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Why not be a world leader on cannabis reform, instead of a follower?

Why not be a world leader on cannabis reform, instead of a follower?

OPINION: In a few weeks, Parliament is almost certain to approve legal medicinal cannabis.  It’s a controversial topic, but medicinal cannabis is a straightforward matter compared to legalising cannabis more generally.  

The Government’s promised referendum must be held by 2020 on legalising adult personal use of cannabis.  Should debate be limited to allowing adults to grow and use cannabis, but not to sell it?

Or should New Zealand take this opportunity to consider full legalisation of cannabis, following the example of Canada last month?  

The trend is clear: in the United States, cannabis is illegal under federal law, but this month Michigan became the ninth state to fully legalise it. In addition, Vermont allows legal possession.

READ MORE:
* Cannabis reform advocates preach education
* Editorial: The dollars and sense of drug law reform
* Police Association: ‘What if cops could legally use weed?’

For New Zealand to allow possession but not sales (like Vermont) would be a substantial reform.  It would put us ahead of every Australian state and territory on the law reform spectrum.

Australian jurisdictions vary widely in their cannabis laws, from Queensland (which imposes up to 15 years’ imprisonment for even minor possession) to South Australia, ACT and the Northern Territory, which have decriminalised cannabis but still impose fines for possession of small amounts.

Legalising the growth and sale of cannabis would allow New Zealand to control and regulate the market, argues Phil Saxby.

Elsewhere in the world, cannabis is still mostly illegal, though prohibition laws are often not enforced. It has been legally decriminalised in 31 countries (mostly in Europe and South America); Norway and Israel are currently decriminalising.  

So, what are the law reform options?

* No change: Possession of any cannabis is illegal with a maximum three months in jail or a $500 fine; cultivation also illegal – up to seven years in jail. Sale or supply: eight years’ jail (cannabis oil, 14 years).

* Legalising personal adult use: Perhaps including legal growing for personal use. This was the referendum option promised by Government.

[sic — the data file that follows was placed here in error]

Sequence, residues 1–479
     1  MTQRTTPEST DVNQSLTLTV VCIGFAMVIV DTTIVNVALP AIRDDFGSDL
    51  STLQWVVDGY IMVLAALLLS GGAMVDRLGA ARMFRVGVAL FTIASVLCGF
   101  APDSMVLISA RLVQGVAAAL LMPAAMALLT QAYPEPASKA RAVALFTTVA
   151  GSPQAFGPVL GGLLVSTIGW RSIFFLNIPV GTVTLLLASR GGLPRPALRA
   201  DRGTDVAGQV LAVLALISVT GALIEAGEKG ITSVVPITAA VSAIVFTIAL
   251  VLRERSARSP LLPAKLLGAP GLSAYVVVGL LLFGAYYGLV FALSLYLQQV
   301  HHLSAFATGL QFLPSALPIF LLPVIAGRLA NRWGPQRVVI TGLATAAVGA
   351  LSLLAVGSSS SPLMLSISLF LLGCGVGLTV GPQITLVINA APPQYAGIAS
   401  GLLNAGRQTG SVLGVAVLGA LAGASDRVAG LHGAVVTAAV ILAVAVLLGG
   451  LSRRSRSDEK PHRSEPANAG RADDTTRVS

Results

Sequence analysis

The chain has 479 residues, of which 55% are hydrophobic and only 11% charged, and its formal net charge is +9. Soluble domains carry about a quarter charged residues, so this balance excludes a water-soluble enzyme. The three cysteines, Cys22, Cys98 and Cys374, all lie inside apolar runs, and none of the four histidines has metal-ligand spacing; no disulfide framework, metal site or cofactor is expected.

* Legal growers and legal sellers: Controlled by a licensing system (also described as a “regulated market”). Examples are the R18 sales allowed for tobacco products and alcohol.

The main advantage of full legalisation is that cannabis supply would be controlled and regulated.  With about 400,000 Kiwis using cannabis in any one year, most users are currently supplied by the illegal (criminal) market.  Legal home-growing might make a dent in the illegal market, but could never replace it.

Cannabis products on the first day of legal recreational sales in Massachusetts on Tuesday. But under federal law, cannabis remains illegal.

Steven Senne

Cannabis products on the first day of legal recreational sales in Massachusetts on Tuesday. But under federal law, cannabis remains illegal.

Until the supply of cannabis is made legal and controlled, we not only leave it in criminal hands, we deny ourselves the opportunity of taking our local expertise in this area to the world: marketing our superior, well-tested product to tourists and eventually to the legal world markets that are opening up.  New Zealand wine is highly regarded worldwide, and our burgeoning craft-beer industry shows the potential for developing a high-quality, local cannabis industry in future – if we use our imagination.

Maybe the public will not be ready to seize this chance, even if offered it in two years’ time.  We should keep the plan to vote on personal adult use, in 2019 or 2020: this change is important and overdue.

But how about using the referendum to explore further?  A debate on legalising cannabis sales would open up many possibilities: licensed coffee shops, as in the Netherlands, or cannabis social clubs, as in Spain and Uruguay.  

A bonus could be that such a debate will help society better understand how to deal with other, deadlier, drug issues:  synthetics, methamphetamine (P) and the like.

Just add a second question to the referendum, to allow legal growers and legal sales.  We are going to spend the money anyway, so let’s do this right.

New Zealand could be third or fourth in the world to legalise cannabis, after Uruguay, Canada and Mexico (as promised by its new president).  Why not lead the world, rather than follow?

* Phil Saxby is former president of NORML NZ, and Wellington organiser of the recent cannabis referendum conference. 

Full story is available here.

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